Approximately 65% of patients with T2DM die as a result of cardiovascular disease with hyperglycemia and hyperlipidemia being important risk factors for cardiovascular diseases. Both T2DM and atherosclerosis are considered to be inflammatory processes Human T-lymphocytes (T-cells) and aortic endothelial cells (HAEC) have been shown to be components of plaque formation in atherosclerosis. T cells and HAEC are unique in that in their naive state they have no insulin receptors responsive to insulin but become activated in vitro hyperglycemia and in vivo hyperglycemic conditions such as diabetic ketoacidosis and non-ketotic hyperglycemic conditions. Our studies show that T-cells and HAEC in the presence of high concentrations of glucose /and or the saturated fatty acid (SFA) palmitic acid become activated and express insulin receptors, reactive oxygen species (ROS), cytokine elevation, and lipid peroxidation in a time and concentration-dependent manner. Whereas, the unsaturated fatty acid α-linoleic, was not able to activate these cells and had a salutary effect on the activation by glucose and palmitic acid. We have demonstrated that unsaturated fatty acids (UFA) may provide a protective mechanism against the prooxidant effects of hyperglycemia and high SFA such as palmitic acid. Therefore, diet alternations may be beneficial for decreasing hyperglycemia and cardiovascular risks. Studies have shown that lifestyle changes of diet and exercise can reduce the risk of developing diabetes by 58%. Hyperglycemia and hyperlipidemia are important risk factors of developing diabetes and cardiovascular disease. Therefore, we studied the effects of a High Protein diet versus a High Carbohydrate diet in obese non-diabetic, prediabetic and diabetic subjects for effects on weight loss, blood sugar, lipid levels, inflammation, and oxidative stress.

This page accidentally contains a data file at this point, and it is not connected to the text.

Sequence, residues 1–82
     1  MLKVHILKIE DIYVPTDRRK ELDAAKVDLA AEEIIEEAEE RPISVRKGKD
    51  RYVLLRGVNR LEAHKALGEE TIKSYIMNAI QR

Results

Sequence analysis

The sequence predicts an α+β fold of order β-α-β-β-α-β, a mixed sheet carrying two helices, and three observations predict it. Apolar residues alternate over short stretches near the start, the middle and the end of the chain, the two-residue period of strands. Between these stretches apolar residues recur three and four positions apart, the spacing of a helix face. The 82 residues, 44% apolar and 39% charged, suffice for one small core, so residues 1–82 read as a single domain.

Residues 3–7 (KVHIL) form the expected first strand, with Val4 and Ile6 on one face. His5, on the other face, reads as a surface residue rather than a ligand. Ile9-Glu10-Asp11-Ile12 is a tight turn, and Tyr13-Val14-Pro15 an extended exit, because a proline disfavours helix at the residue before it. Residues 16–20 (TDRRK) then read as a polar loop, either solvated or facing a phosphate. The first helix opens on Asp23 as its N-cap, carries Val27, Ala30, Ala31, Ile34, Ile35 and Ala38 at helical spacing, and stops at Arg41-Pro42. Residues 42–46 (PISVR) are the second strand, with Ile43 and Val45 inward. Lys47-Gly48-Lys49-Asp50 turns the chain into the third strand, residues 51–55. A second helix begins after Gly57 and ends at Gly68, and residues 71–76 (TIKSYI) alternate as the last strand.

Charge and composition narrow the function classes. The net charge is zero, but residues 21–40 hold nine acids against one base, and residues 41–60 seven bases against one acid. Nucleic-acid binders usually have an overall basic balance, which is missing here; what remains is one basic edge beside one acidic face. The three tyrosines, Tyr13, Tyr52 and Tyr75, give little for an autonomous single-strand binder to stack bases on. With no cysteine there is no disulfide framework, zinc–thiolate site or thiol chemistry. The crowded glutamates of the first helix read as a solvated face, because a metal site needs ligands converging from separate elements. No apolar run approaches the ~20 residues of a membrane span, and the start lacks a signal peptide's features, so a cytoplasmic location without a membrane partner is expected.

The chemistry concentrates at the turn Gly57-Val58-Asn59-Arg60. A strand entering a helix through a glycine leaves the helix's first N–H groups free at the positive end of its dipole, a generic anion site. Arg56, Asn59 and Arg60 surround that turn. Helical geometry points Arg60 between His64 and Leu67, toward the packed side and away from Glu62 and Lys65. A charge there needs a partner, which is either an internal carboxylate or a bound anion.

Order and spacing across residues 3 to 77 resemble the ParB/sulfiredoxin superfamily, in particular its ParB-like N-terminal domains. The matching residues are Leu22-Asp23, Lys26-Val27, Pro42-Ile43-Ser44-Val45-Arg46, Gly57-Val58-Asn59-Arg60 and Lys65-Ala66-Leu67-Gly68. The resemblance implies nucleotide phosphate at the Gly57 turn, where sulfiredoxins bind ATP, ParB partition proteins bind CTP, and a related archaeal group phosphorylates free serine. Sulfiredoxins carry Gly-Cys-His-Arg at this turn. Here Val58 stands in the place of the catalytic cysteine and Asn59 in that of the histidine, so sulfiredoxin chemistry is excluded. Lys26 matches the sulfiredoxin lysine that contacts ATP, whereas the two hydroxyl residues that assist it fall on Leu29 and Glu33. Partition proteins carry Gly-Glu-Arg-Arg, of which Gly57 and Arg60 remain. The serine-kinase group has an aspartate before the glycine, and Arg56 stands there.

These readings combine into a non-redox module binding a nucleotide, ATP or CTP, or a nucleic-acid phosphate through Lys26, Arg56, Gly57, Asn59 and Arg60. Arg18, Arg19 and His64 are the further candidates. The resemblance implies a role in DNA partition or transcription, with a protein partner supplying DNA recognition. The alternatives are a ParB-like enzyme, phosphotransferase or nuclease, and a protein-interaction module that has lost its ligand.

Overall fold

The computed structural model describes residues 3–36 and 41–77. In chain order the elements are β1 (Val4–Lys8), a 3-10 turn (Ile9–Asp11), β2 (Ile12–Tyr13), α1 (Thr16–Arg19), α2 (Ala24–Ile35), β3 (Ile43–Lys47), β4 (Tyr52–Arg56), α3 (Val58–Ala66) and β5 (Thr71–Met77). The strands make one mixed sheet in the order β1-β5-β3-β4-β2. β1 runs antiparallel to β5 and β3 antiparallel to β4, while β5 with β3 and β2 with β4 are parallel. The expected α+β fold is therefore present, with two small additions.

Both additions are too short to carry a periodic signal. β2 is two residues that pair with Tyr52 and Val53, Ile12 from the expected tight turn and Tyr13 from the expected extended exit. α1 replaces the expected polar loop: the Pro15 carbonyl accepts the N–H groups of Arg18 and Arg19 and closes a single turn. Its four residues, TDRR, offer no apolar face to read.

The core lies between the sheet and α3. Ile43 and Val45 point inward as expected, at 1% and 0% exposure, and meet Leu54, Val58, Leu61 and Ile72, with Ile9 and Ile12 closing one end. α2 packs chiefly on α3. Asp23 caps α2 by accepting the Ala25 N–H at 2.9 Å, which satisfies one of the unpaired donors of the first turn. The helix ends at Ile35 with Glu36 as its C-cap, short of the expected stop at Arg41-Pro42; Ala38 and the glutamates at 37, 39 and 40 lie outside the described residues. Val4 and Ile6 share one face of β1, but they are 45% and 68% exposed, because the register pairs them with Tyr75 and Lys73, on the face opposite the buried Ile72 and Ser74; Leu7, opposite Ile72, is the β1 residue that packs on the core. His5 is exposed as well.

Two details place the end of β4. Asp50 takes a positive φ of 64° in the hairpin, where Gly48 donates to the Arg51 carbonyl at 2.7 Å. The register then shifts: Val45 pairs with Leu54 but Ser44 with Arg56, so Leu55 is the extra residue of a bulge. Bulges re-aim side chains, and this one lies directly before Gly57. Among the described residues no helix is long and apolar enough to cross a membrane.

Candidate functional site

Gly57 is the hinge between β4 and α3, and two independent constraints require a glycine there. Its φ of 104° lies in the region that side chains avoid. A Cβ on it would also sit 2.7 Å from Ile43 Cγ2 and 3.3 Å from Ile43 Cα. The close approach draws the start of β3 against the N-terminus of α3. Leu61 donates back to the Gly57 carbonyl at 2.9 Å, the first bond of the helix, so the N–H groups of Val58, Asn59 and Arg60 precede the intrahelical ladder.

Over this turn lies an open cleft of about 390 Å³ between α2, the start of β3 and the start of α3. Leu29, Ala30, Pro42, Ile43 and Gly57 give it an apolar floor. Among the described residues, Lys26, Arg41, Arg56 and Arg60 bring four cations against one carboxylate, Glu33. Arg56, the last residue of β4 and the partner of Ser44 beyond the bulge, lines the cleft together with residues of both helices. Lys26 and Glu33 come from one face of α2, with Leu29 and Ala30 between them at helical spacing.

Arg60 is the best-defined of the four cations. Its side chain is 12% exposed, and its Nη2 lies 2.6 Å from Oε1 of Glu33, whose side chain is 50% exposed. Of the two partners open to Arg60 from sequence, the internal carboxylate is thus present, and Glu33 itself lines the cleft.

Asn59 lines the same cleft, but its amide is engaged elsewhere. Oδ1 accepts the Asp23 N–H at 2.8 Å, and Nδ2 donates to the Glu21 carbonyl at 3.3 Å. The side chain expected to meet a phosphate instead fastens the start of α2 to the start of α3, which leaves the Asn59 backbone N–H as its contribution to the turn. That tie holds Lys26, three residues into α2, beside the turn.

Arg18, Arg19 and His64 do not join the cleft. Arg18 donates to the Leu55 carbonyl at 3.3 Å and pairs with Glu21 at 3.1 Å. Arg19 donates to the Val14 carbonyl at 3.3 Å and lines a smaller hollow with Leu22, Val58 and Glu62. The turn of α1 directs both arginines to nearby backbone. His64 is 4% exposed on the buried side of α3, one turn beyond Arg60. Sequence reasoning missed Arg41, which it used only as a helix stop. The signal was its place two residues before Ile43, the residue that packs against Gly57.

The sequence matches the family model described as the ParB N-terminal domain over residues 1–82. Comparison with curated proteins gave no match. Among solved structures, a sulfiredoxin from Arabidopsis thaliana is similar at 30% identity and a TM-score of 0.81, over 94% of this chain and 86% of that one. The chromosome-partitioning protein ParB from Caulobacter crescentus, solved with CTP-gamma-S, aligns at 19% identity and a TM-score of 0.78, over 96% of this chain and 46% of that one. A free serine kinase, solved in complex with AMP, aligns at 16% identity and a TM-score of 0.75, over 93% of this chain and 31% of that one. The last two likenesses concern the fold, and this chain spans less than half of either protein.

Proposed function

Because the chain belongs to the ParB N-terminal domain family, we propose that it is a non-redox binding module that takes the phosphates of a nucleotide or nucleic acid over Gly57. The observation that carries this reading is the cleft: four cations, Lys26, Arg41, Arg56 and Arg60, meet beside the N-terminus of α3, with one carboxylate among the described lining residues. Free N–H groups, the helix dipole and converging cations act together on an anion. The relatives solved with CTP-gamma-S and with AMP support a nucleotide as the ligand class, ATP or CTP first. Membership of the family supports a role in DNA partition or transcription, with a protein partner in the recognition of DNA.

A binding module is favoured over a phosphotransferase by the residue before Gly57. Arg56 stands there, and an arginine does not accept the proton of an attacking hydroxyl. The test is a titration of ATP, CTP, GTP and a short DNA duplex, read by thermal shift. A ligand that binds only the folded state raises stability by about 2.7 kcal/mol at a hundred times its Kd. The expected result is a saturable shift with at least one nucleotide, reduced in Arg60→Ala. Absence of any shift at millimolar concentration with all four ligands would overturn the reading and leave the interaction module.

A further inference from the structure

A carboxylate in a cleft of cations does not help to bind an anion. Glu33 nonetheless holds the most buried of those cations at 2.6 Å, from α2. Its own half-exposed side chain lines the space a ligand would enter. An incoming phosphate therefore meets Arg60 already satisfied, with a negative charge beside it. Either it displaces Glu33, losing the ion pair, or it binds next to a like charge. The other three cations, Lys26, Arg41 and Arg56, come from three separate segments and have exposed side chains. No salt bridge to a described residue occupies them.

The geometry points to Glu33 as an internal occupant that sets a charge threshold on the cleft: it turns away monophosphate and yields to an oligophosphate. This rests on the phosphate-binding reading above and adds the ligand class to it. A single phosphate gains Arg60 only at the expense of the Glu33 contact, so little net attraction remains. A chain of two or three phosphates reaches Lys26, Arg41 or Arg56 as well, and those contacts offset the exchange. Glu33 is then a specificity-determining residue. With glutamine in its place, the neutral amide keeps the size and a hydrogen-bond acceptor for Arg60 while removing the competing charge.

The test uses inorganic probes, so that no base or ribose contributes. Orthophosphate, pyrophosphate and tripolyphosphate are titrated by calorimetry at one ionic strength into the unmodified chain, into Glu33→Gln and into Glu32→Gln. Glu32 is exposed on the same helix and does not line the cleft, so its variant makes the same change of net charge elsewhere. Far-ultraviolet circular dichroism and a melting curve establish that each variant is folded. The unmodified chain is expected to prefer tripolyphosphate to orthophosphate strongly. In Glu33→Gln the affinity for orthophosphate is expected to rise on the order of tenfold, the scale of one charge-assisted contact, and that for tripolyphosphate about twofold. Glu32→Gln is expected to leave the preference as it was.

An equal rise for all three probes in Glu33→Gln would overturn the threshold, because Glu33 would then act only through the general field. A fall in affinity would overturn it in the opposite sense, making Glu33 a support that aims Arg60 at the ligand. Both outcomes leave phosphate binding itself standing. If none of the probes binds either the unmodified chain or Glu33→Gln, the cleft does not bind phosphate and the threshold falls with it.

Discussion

Part of the book: Sugar Intake